The Energy efficiency of a system is the ability of the same system to use energy provided in order to obtain a desired result.
The lower the fuel consumption is, in relation to fulfillment of a particular need, the better the energy efficiency of the system in question is.
Energy efficiency is a ratio. It's expressed by a a number between 1 and 10 (or, multiplying it per cent, by the percentage from 0% to 100%), where the 0% represents the total waste of a system consuming energy without producing results, and the 100% is the optimal efficiency, where every part of the input energy is transformed in a result.
Considering that any physical process is able to transform energy without waste, both 0% and 100% are purely theoretical conditions.
Energy efficiency, in general terms, means the ability to use energy in the most optimal way, with the goal to save energy in the “end-use of energy” stage, to be specific, in industry, transport, agriculture, infrastructure, as well as in the houses where we live and their lighting, and, in general, all the energy consumption.
"Energy efficiency" refers to the series of measures used for programming, planning, designing and constructing, allowing to obtain the same services through the consumption of less energy. If the term "Energy efficiency" refers to a whole energetic system, it means the capacity to guarantee a specific productive process or a service supply (for example, heating), through the use of the least possible amount of energy. Sistems related to energy efficiency can be many: from performances of engines to those industrial, from those belonging to a building to those related to appliances and lighting, from those associated with the integrated water service to those belonging to waste management.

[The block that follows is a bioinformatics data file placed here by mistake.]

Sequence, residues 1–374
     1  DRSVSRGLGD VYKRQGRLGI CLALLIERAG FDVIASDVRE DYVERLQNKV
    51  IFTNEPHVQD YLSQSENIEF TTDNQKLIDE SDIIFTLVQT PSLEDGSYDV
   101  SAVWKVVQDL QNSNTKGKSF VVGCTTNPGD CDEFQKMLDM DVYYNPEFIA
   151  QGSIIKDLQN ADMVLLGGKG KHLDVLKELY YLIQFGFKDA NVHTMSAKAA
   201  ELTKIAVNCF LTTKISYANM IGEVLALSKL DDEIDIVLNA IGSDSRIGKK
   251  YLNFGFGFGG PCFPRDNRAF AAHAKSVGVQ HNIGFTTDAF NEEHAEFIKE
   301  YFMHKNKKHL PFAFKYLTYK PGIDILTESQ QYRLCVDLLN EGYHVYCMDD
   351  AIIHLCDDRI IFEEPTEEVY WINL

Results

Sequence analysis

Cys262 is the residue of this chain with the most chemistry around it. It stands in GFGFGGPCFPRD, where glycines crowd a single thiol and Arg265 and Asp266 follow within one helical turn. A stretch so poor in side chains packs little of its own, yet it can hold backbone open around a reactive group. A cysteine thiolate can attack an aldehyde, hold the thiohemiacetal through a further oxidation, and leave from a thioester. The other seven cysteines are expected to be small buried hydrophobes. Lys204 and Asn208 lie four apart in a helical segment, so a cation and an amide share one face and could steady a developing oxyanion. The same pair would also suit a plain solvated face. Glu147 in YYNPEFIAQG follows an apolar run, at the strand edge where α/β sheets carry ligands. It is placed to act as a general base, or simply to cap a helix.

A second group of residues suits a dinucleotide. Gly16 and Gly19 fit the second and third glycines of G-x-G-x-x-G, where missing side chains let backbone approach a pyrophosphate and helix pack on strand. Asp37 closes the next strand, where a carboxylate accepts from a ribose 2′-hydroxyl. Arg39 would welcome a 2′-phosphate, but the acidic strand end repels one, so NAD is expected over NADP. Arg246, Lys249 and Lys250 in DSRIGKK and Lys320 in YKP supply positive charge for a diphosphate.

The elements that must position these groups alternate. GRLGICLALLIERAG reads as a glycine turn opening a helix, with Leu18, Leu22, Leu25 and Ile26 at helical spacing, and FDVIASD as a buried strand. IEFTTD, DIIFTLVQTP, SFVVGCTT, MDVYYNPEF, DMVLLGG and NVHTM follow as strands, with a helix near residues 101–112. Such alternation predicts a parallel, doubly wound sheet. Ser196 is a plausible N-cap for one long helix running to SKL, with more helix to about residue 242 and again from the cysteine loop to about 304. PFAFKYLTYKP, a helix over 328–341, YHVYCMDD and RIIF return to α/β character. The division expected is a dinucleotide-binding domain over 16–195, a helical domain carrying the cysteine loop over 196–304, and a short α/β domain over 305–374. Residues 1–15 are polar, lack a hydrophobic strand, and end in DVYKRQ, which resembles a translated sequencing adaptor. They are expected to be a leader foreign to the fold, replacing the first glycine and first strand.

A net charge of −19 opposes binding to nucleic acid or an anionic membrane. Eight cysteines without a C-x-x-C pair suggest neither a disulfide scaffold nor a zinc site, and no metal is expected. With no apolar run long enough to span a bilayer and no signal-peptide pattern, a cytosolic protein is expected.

So, to understand the possible applicative solutions and technologies, it's necessary to know the charaterization of the different areas of investigation for each branch and their relative energy requirements.
Through the production "in loco", it's possible to reduce dependence on energy or fuel supply, utilized for different uses. Among more affordable technologies, there are systems of energy management and of builiding automation, lighting, compressed air, electric engines and inverters, UPS and co-generation.
To represent a precise picture of the possible technological solutions, it's necessary to refer to their scope and their destination of use. In particular, in the industrial field, instead of thermal generation by means of traditional boiler and of taking electric energy from the network, it's useful to think at co-generation plants. The technology of the ORC (Organic Rankine Cycle) plants and the district heating are, on the other hand, among the most interesting alternatives to produce electric energy and to provide heat. In housing, about satisfaction of the thermal need, it's appropriate to install a condensing boiler or a solar thermal plant; in the service industry, it's more convenient to use heat pumps. Other solutions regard building envelopes, such as closing glass doors and matt surfices, and general services, such as refrigeration.
Energy efficiency should not be confused with energy conservation. Energy savings regard the actions reducing the economic cost of the electricity bill but it's not necessarily equal to the perceived common good. In other words, energy efficiency always saves money, but the opposite is not necessarily true. Being efficient means “do more with less.”